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Replacing Fork on 2001 Diamondback Sorrento
#1
Hello,

I am new to mountain biking I recently purchased a used 2001 Diamondback Sorrento. When I use the front brakes the bike rattles a bit im not sure if it is a problem with the fork?? The fork looks a bit worn I am looking to replace it but I am not sure what model or make would be a suitable replacement. If somebody has any information please help. Thank you
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#2
Not knowing what you have exactly for a fork right now and the rattle is the fork you say. some low end forks were just a spring inside a tube and had no dampening and would rattle quite a bit. but first make sure your brake bolts are tight at the posts. Then make sure your headset is tight and no cocking when you squeeze the front brake and rock the bike back and forth.
If you decide to try a fork replacement on your own you will need to buy some tools or make some to get the job done. A suitable replacement will be the best one you can afford, and your lbs can offer assist on that.
If it were my bike I would go with a rigid fork over a low-end shock. steerer tubes are better cut with a saw guide.there can be hidden costs involved like a new headset also. this could be a good time to go threadless also but you may need new stem, headset also
the least expensive way to deal with it would be to stay with what you have but with a rigid fork.
post some pics and lets see what you have
There are two kinds of people in the world, "Those who help themselves to people, and those who help people!"
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#3
[attachment=3337][attachment=3338][attachment=3339]
(07-17-2012, 10:56 PM)painkiller Wrote:  Not knowing what you have exactly for a fork right now and the rattle is the fork you say. some low end forks were just a spring inside a tube and had no dampening and would rattle quite a bit. but first make sure your brake bolts are tight at the posts. Then make sure your headset is tight and no cocking when you squeeze the front brake and rock the bike back and forth.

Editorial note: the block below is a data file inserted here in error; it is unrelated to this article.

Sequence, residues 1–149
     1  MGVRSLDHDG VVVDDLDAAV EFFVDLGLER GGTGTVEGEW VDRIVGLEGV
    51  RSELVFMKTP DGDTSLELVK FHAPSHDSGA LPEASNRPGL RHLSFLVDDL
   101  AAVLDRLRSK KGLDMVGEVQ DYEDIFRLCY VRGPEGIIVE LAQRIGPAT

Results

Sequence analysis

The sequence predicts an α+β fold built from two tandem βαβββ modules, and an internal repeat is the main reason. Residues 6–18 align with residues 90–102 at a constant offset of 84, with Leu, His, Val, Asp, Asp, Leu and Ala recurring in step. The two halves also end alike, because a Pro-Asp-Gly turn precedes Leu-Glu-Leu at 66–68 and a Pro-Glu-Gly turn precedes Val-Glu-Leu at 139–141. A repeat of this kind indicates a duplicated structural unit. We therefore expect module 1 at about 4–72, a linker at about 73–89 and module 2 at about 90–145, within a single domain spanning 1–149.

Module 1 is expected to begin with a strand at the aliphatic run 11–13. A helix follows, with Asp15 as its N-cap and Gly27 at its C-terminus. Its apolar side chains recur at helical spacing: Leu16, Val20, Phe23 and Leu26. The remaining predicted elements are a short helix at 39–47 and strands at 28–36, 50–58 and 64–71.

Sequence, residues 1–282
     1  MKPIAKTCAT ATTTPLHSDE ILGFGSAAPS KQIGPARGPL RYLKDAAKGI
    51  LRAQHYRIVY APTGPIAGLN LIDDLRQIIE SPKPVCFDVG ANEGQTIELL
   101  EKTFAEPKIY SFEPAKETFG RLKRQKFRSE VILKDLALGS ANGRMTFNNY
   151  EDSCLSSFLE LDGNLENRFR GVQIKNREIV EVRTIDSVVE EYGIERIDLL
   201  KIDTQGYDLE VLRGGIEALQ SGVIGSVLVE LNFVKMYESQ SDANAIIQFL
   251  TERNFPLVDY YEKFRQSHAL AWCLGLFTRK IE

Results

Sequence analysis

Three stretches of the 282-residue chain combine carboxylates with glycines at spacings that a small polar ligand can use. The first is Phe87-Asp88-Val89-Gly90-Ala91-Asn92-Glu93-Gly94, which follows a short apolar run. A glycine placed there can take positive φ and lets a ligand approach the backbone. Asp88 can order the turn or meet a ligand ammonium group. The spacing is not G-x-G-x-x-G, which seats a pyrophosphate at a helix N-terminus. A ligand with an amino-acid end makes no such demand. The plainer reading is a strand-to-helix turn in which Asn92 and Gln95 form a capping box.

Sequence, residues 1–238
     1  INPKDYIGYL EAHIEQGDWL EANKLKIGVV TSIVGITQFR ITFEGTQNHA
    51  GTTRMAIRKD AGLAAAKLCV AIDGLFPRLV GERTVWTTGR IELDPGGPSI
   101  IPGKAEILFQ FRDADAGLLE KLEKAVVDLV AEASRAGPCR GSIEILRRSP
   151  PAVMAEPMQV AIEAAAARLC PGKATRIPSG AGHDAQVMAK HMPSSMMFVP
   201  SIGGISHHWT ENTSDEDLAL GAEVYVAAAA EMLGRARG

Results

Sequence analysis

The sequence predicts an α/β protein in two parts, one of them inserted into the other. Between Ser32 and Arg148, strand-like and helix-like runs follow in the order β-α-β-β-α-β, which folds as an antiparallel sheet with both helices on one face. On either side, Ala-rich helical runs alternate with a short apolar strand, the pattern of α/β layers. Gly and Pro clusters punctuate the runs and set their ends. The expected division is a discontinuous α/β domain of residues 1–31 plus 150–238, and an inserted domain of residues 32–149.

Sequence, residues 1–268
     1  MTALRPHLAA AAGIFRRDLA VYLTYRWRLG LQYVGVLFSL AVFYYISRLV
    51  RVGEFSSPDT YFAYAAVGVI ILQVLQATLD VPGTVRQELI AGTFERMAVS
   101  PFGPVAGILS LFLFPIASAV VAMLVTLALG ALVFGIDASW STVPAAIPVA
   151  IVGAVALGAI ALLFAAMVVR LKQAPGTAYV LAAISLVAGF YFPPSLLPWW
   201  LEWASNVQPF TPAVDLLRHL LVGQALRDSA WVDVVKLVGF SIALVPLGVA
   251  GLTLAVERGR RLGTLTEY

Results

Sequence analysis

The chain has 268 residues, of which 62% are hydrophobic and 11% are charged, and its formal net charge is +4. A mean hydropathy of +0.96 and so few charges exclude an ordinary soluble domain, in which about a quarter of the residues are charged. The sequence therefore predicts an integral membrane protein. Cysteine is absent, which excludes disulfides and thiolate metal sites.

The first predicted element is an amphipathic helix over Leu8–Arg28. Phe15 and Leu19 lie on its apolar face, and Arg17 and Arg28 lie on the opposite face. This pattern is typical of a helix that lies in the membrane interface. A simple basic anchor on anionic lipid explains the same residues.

If you decide to try a fork replacement on your own you will need to buy some tools or make some to get the job done. A suitable replacement will be the best one you can afford, and your lbs can offer assist on that.
If it were my bike I would go with a rigid fork over a low-end shock. steerer tubes are better cut with a saw guide.there can be hidden costs involved like a new headset also. this could be a good time to go threadless also but you may need new stem, headset also
the least expensive way to deal with it would be to stay with what you have but with a rigid fork.
post some pics and lets see what you have

Hello,

Thank you for the response i will try your suggestion regarding the brakes and headset. I am attaching a few pics of the fork and the bike. Please let me know if you have any more info once you look at the pics
(07-18-2012, 03:42 AM)frank1283 Wrote:  
(07-17-2012, 10:56 PM)painkiller Wrote:  Not knowing what you have exactly for a fork right now and the rattle is the fork you say. some low end forks were just a spring inside a tube and had no dampening and would rattle quite a bit. but first make sure your brake bolts are tight at the posts. Then make sure your headset is tight and no cocking when you squeeze the front brake and rock the bike back and forth.